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פותח על ידי קלירמאש פתרונות בע"מ -
Inactive xylem can explain differences in calibration factors for thermal dissipation probe sap flow measurements
Year:
2013
Authors :
כהן, שבתאי
;
.
פאודל, אינדירה
;
.
קנטי, טל
;
.
Volume :
33
Co-Authors:
Paudel, I., Institute of Soil, Water and Environmental Sciences, A.R.O. Volcani Center, PO Box 6, Bet Dagan 50250, Israel
Kanety, T., Institute of Soil, Water and Environmental Sciences, A.R.O. Volcani Center, PO Box 6, Bet Dagan 50250, Israel, Tomato Category, Costa Exchange, 45 Elm Street, Guyra 2365, NSW, Australia
Cohen, S., Institute of Soil, Water and Environmental Sciences, A.R.O. Volcani Center, PO Box 6, Bet Dagan 50250, Israel
Facilitators :
From page:
986
To page:
1001
(
Total pages:
16
)
Abstract:
Thermal dissipation probes (TDPs) were calibrated in three diffuse porous fruit trees and one ornamental species in the field by comparison with heat pulse probes (nectarine and persimmon), in a greenhouse on lysimeters (apple and persimmon) and in the laboratory by pushing water through cut branches (apple, Peltophorum and nectarine). Two operational methods were used: continuous (constant thermal dissipation, CTD) and discontinuous, or transient, heating (transient thermal dissipation, TTD). Correction for the radial distribution of sap flux density was with an analytical function derived from a linear decrease in flux density with depth, as measured with a multi-depth 'Tmax' heat pulse system. When analyzed with previous calibration factors, the measured sap flow was <50% of actual value. The underestimations were consistent, and calibrations for each species in the field, greenhouse and laboratory gave approximately the same factors. Reasonable values of tree water use were obtained with the new calibration factors. Evidence is provided that even though the xylem was diffuse porous, the underestimations were caused by contact of the probes with inactive xylem along their length. The average portion of probe in contact with inactive xylem, measured in stained branches following laboratory calibrations, was 0.2-0.24. Using the measured fractions to correct temperature differentials between heated and unheated probes for CTD and TTD, based on Clearwater et al. (in Potential errors in measurement of nonuniform sap flow using heat dissipation probes. Tree Physiol 1999;19:681-687) almost completely compensated for the underestimations. Calibrations are given for each species both before and after corrections of temperature differentials, along with a multispecies calibration. These results should be an important step in reconciling many reports of different calibration factors for TDP probes. © 2013 The Author 2013.
Note:
Related Files :
calibration
Flow measurement
Heat pulse
lysimeter
plant exudate
Plant Exudates
sap flow
sweating
temperature
transpiration
עוד תגיות
תוכן קשור
More details
DOI :
10.1093/treephys/tpt070
Article number:
0
Affiliations:
Database:
סקופוס
Publication Type:
מאמר
;
.
Language:
אנגלית
Editors' remarks:
ID:
18597
Last updated date:
02/03/2022 17:27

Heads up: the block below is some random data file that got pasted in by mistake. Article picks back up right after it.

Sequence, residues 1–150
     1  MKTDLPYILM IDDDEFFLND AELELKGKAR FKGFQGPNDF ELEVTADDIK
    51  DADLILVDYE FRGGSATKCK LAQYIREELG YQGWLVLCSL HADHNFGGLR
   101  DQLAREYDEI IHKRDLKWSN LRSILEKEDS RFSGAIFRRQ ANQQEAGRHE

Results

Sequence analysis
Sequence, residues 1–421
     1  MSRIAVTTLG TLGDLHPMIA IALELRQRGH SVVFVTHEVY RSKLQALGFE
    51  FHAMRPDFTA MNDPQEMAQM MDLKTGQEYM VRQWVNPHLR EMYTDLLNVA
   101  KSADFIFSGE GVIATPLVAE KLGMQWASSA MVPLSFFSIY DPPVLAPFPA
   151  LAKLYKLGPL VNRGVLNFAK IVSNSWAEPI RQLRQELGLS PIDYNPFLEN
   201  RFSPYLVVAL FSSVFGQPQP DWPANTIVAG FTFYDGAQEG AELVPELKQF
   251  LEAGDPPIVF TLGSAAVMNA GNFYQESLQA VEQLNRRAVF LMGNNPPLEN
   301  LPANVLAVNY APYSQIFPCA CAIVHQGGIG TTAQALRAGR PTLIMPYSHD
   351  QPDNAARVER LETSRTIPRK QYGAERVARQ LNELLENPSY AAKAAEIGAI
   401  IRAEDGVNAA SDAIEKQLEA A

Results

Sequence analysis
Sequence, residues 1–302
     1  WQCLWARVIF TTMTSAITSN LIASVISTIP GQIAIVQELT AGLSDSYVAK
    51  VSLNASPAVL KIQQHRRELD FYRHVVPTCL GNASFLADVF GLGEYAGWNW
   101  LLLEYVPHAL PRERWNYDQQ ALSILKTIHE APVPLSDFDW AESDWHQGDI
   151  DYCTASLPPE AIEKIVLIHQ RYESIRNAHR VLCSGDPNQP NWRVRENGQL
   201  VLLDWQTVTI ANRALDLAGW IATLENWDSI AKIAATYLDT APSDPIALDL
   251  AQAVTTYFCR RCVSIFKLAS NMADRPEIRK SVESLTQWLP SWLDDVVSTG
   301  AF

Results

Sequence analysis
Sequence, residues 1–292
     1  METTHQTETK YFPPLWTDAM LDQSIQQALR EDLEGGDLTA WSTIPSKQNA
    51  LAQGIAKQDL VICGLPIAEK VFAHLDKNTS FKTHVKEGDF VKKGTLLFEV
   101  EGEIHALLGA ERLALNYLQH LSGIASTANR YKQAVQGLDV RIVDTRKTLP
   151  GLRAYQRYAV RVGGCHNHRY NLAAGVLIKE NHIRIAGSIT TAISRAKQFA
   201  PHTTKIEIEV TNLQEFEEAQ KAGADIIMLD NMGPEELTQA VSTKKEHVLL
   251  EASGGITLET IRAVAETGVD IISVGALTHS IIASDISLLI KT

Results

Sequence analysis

Creation date:
16/04/2018 23:22
You may also be interested in
Scientific Publication
Inactive xylem can explain differences in calibration factors for thermal dissipation probe sap flow measurements
33
Paudel, I., Institute of Soil, Water and Environmental Sciences, A.R.O. Volcani Center, PO Box 6, Bet Dagan 50250, Israel
Kanety, T., Institute of Soil, Water and Environmental Sciences, A.R.O. Volcani Center, PO Box 6, Bet Dagan 50250, Israel, Tomato Category, Costa Exchange, 45 Elm Street, Guyra 2365, NSW, Australia
Cohen, S., Institute of Soil, Water and Environmental Sciences, A.R.O. Volcani Center, PO Box 6, Bet Dagan 50250, Israel
Inactive xylem can explain differences in calibration factors for thermal dissipation probe sap flow measurements
Thermal dissipation probes (TDPs) were calibrated in three diffuse porous fruit trees and one ornamental species in the field by comparison with heat pulse probes (nectarine and persimmon), in a greenhouse on lysimeters (apple and persimmon) and in the laboratory by pushing water through cut branches (apple, Peltophorum and nectarine). Two operational methods were used: continuous (constant thermal dissipation, CTD) and discontinuous, or transient, heating (transient thermal dissipation, TTD). Correction for the radial distribution of sap flux density was with an analytical function derived from a linear decrease in flux density with depth, as measured with a multi-depth 'Tmax' heat pulse system. When analyzed with previous calibration factors, the measured sap flow was <50% of actual value. The underestimations were consistent, and calibrations for each species in the field, greenhouse and laboratory gave approximately the same factors. Reasonable values of tree water use were obtained with the new calibration factors. Evidence is provided that even though the xylem was diffuse porous, the underestimations were caused by contact of the probes with inactive xylem along their length. The average portion of probe in contact with inactive xylem, measured in stained branches following laboratory calibrations, was 0.2-0.24. Using the measured fractions to correct temperature differentials between heated and unheated probes for CTD and TTD, based on Clearwater et al. (in Potential errors in measurement of nonuniform sap flow using heat dissipation probes. Tree Physiol 1999;19:681-687) almost completely compensated for the underestimations. Calibrations are given for each species both before and after corrections of temperature differentials, along with a multispecies calibration. These results should be an important step in reconciling many reports of different calibration factors for TDP probes. © 2013 The Author 2013.
Scientific Publication
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